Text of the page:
Are you a cybersecurity professional experiencing burnout?
Are you living in constant fear of an incident? Can you sense simmering frustration at always being understaffed? Do you feel like you can never really leave work stress behind, even on a day off?
You are not alone. And a new initiative might help.
What is the PsyberResilience Project?
A new effort called the the PsyberResilience Project wants to determine what is creating so much stress in the professional lives of cybersecurity practitioners.
The PsyberResilience Project defines itself as "the first comprehensive and ongoing study of the prevalence and impact of stress, burnout, and mental health challenges in the cybersecurity workforce."
And here is the overarching goal, according to the project:
"The more than 700,000 professionals that make up America's cybersecurity workforce are increasingly being described as our digital first responders—a first and unflinching line of defense against an unrelenting wave of cyber-attacks against businesses, governments, and entire communities.
Like all first responders, there's increasing concern about the mental wellness of this workforce. Not only has cybersecurity become a very high stress and quick burnout industry, many of those working in it entered the field already burdened with mental health challenges like anxiety, depression, and PTSD.
As these mental health challenges take an increasing toll on the an already strained cybersecurity workforce, it's time to build psyberresilience into your risk management calculations."
What are 10 top reasons for cybersecurity professional burnout?
According to PsyberResilience, here are the top 10 most common sources of cybersecurity professional stress:
- Unrealistic and unhealthy expectations about outcomes and results, expectations set both by employers and by the individual defenders
- Little time to pause or decompress because of the relentless waves of attack, with some reports suggesting anywhere from 10,000 to more than 1 million security alerts per day and up to 80% false positives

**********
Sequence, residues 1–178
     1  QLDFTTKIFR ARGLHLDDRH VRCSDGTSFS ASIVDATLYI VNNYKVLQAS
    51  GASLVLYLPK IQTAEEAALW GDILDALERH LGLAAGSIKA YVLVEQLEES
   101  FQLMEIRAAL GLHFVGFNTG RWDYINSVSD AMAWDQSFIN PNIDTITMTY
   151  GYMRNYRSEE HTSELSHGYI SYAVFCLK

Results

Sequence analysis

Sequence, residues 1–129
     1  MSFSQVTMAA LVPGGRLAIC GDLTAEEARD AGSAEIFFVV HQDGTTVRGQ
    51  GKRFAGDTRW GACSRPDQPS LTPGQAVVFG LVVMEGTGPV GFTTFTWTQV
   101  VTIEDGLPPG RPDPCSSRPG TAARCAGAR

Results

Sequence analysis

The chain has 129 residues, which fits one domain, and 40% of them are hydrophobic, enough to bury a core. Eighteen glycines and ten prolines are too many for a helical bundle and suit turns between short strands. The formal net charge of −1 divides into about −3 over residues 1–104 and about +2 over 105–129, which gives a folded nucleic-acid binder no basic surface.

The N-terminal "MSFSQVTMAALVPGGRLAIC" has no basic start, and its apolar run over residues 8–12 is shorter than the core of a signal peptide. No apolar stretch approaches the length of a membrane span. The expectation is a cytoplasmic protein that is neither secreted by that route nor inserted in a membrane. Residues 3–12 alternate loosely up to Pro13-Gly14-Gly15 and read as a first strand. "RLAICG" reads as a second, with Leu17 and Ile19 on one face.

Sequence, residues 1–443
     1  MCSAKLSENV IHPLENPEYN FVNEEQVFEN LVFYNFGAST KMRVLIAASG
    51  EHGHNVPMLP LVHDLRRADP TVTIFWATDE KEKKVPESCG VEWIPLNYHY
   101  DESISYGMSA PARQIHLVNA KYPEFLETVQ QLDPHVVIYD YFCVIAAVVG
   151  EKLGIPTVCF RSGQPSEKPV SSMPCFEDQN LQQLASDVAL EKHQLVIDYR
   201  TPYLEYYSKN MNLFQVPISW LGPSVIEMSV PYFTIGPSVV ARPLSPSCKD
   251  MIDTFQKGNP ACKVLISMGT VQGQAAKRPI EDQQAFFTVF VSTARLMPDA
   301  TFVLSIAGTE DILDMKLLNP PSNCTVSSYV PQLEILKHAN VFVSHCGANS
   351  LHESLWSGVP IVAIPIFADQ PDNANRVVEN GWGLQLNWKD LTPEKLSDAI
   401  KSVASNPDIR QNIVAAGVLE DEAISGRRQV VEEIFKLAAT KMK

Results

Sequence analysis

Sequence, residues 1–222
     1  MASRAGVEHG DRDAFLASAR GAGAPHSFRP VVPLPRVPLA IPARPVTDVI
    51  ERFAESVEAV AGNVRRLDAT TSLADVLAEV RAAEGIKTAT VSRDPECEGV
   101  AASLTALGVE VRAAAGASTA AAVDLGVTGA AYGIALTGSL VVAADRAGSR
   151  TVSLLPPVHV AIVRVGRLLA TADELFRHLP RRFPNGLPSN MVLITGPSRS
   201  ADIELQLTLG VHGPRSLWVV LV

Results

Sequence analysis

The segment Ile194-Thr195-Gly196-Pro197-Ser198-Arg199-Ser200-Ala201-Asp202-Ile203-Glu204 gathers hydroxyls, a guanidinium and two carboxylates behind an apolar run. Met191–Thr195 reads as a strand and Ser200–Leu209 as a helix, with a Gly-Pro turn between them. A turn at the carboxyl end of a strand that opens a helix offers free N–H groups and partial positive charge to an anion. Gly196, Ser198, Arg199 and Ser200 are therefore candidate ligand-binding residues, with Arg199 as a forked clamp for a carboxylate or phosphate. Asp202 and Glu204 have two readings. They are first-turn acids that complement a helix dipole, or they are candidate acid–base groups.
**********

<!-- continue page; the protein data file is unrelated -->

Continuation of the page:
- Simmering frustrations—with understaffing, insufficient budgets, employees who continue to undo and undermine security efforts, and a leadership not taking the threats seriously enough
- Exhausting schedules—security professionals complain about always being on the clock and on the job, at least mentally, compounded by no real downtime, long hours, long weeks, and even long weekends
- The fatigue of trying to keep up with a constantly changing environment, from new threats, tactics, and technologies, to new laws, regulations, guidelines, frameworks, and standards
- Personal and professional pride, and the constant fear of personal failure, of being the one who lets the team and organization down by missing that one single threat amongst thousands
- The emotional toll of constantly fighting and being exposed to the worst kinds of criminals, and witnessing the cruelty they inflict on their victims
- An increase in cynicism and a decrease in trust amongst security professionals, often permanent emotional changes that they bring home with them
- Security teams stretched too thinly, which results in heavier workloads, pressure to take on too many tasks, and not being allowed to focus on the most critical or relevant challenges
- Pre-existing conditions—many security professionals come into the industry with existing mental health issues, and especially with an increase in military and law enforcement dealing with anxiety and PTSD
How many of these can you identify with?
It's important for cybersecurity professionals to keep the digital world healthy. But they also need to prioritize their own health.
Contributing to the PsyberResilience Project survey can help develop a better baseline for the InfoSec community. Will you take it?
"The PsyberResilience Survey consists of 20 questions, is completely anonymous, and takes less than 5 minutes to complete. And you don't have to be struggling with stress, burnout, or mental health challenges to participate. We want everyone in security to share their experiences, good or bad."
It will inform how the PsyberResilience Project tackles the most significant parts of security team burnout.
Related podcast: cybersecurity frustrations
This new project, and the top 10 causes of stress and burnout for cybersecurity professionals, reminds us of a recent SecureWorld podcast on cybersecurity frustrations.
Is it possible that some of the responsibilities in security actually belong on someone else's plate? That's the contention of our featured interview. Listen to the episode below or on your favorite podcast platform.